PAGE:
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Credit: Vlada Karpovich

Gaslighting is a form of psychological manipulation in which a person or group covertly sows seeds of doubt in another person or group, making them question their own understanding, memory, perception, or judgment. The term originates from the 1938 play “Gas Light” and the subsequent movie adaptations, where a husband manipulates his wife into believing she is going insane by dimming the gas lights in their home, while insisting that she is imagining it. Gaslighting can be done through a variety of tactics.

Leadership development programs and initiatives consume over $60 billion a year globally; however, research shows that nearly 30% of bosses may still be mildly or highly toxic. It shows that toxicity in a person is hard to cure.

Gaslighting in the workplace occurs when a manager or coworker manipulates another employee into questioning their own abilities, judgment, or sanity. Gaslighting is a manipulative tactic used by individuals, including colleagues, supervisors, or managers, to gain power or control over others. It often involves undermining the target’s confidence. Gaslighting can create a toxic work environment and negatively impact the mental and emotional well-being of employees. It has also been seen that individually, managers or superiors are more likely to be involved in gaslighting. When colleagues and peer do it, they usually work in group against an individual.

Gaslighting is particularly dangerous because of the subtle and insidious way it is done. It is easy to spot visibly toxic leaders who shout, scream, threaten, and abuse publicly, but gaslighting bosses always remain calm outwardly. They are expert at attacking the self-esteem, confidence, and sense of reality of subordinates in sneaky, hard to prove ways.

Here are some examples of gaslighting in the workplace. All of these are found in workplaces and may not be prioritize in the order of occurrence. If you have been working for several years, you may have seen similar cases happening around you. I hope you have neither been a victim of it nor have been a victimizer.

  • Denying Previous Agreements – A manager may deny ever making specific promises, agreements, or commitments that the employee clearly remembers. This is about face kind of thing, where the person simply refuses to accept a clearly remembered thing. They may either say they don’t remember, or worse still, say that they never said it.
  • Misrepresentation of Facts – The boss or colleagues might distort facts or provide false information to create confusion or make the target doubt their knowledge.
  • Withholding Information – It is quite common to deliberately withhold information that is essential for the target’s job responsibilities, making them feel incompetent.
  • Blaming the Target – Accusing the target of mistakes or problems that are not their fault, causing them to doubt their expertise and competence.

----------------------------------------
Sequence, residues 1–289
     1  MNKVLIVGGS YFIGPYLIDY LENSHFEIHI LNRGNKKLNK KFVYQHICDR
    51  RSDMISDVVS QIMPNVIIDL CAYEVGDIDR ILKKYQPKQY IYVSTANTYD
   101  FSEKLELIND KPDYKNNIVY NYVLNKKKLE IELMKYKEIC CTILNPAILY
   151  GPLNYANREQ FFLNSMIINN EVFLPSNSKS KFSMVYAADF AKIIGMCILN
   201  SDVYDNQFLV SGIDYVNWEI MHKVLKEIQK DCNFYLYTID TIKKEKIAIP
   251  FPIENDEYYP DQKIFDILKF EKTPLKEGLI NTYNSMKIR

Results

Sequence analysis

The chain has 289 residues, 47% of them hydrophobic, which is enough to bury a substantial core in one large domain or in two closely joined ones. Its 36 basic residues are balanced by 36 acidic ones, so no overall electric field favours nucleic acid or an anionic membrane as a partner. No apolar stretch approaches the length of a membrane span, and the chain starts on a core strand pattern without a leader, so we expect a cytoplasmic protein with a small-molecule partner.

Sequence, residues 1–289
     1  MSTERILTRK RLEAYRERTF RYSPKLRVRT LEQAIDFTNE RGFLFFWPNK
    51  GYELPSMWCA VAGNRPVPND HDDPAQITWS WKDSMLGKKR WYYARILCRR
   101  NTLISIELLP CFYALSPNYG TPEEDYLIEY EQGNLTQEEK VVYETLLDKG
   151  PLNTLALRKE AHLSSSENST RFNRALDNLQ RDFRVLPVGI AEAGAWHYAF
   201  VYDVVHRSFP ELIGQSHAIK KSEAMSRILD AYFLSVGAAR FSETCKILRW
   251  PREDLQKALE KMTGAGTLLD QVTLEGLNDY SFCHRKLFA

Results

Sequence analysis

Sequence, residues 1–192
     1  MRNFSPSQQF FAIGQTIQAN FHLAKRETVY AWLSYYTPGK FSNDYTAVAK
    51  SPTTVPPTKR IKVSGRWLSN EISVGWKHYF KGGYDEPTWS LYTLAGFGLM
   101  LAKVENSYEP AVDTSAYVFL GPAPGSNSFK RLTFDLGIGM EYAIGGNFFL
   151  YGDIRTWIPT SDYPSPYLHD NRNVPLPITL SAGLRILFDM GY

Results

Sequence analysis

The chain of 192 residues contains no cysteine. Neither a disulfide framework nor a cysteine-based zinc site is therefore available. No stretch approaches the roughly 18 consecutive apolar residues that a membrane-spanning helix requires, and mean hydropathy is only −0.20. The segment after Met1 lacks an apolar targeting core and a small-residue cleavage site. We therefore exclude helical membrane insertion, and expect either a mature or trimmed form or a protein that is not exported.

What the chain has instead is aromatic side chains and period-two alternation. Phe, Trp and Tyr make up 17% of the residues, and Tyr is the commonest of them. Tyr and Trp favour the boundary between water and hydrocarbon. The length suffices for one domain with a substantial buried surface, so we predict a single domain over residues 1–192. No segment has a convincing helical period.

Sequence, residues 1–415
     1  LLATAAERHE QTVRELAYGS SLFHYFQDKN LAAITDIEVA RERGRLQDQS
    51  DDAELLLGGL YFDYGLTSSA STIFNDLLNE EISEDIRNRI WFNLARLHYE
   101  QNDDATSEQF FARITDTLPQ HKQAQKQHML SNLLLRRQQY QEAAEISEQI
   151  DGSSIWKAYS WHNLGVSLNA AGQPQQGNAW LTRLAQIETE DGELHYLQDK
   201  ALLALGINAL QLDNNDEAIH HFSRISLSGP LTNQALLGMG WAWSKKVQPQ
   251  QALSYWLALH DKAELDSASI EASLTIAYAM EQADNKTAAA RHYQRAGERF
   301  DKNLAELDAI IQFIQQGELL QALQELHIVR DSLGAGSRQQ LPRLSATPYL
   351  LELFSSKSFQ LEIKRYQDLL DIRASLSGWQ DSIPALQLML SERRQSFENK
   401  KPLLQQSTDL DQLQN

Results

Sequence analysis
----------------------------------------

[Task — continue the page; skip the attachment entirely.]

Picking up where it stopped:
• Inconsistent Feedback – Providing contradictory feedback, such as praising the employee one day and then criticizing them harshly the next, which leads to confusion and self-doubt.
  • Invalidating Emotions – Dismissing or belittling an employee’s emotions or concerns, telling them they are overreacting or being too sensitive.
  • Creating Hostile Work Environment – Encouraging or participating in workplace bullying, mobbing, or gossiping to isolate the target and making them feel ostracized.
  • Actively Stalling Growth – Making active efforts to stall learning and development, discouraging learning, covertly working to stop their promotion into a senior role.

Some Causes of Gaslighting in the Workplace

  • Power imbalance: Gaslighting is more likely to occur in situations where there is a power imbalance between the victim and the gaslighter. For example, a manager is more likely to gaslight their subordinates than a coworker is to gaslight another coworker.
  • Insecure personality: Gaslighters often have insecure personalities and feel the need to control others in order to feel better about themselves.
  • Narcissistic personality disorder: Gaslighting is a common tactic used by people with narcissistic personality disorder. Narcissists often have a need to be seen as perfect and infallible, and they will use gaslighting to maintain this illusion.
  • Machiavellianism: Machiavellians are people who are willing to use manipulation and deception to achieve their goals. They may use gaslighting to get ahead at work or to control others.
  • Victim of gaslighting – Gaslighters may have had a difficult patch in their own career where they might have suffered at the hands of a toxic boss. They are avenging their past at the expense of others.
  • Social background – People who had difficult lives due to their family. social, economic circumstances may become gaslighters, which is again a form of vindictiveness.

Effects of Gaslighting on the Victims

Several studies have shown the harmful emotional, psychological, and physical effects of working for a toxic boss. Such people are at a higher risk of cardiovascular disease, stroke, diabetes, and other life-threatening conditions. They are also more susceptible to chronic stress, depression, anxiety, eating disorders, and obesity. They may be perpetually exhausted and get sick more often.

It may take about two years to recover physically and emotionally after leaving a toxic boss. As with any psychological trauma or stress, the longer and greater the exposure, the longer it takes to recover.

The ever-prevailing stress and anxiety affects personal life and relationships. The people who live with you may suffer due to your erratic behavior in social settings, or they may suffer as they see you suffering and cannot do anything to help.



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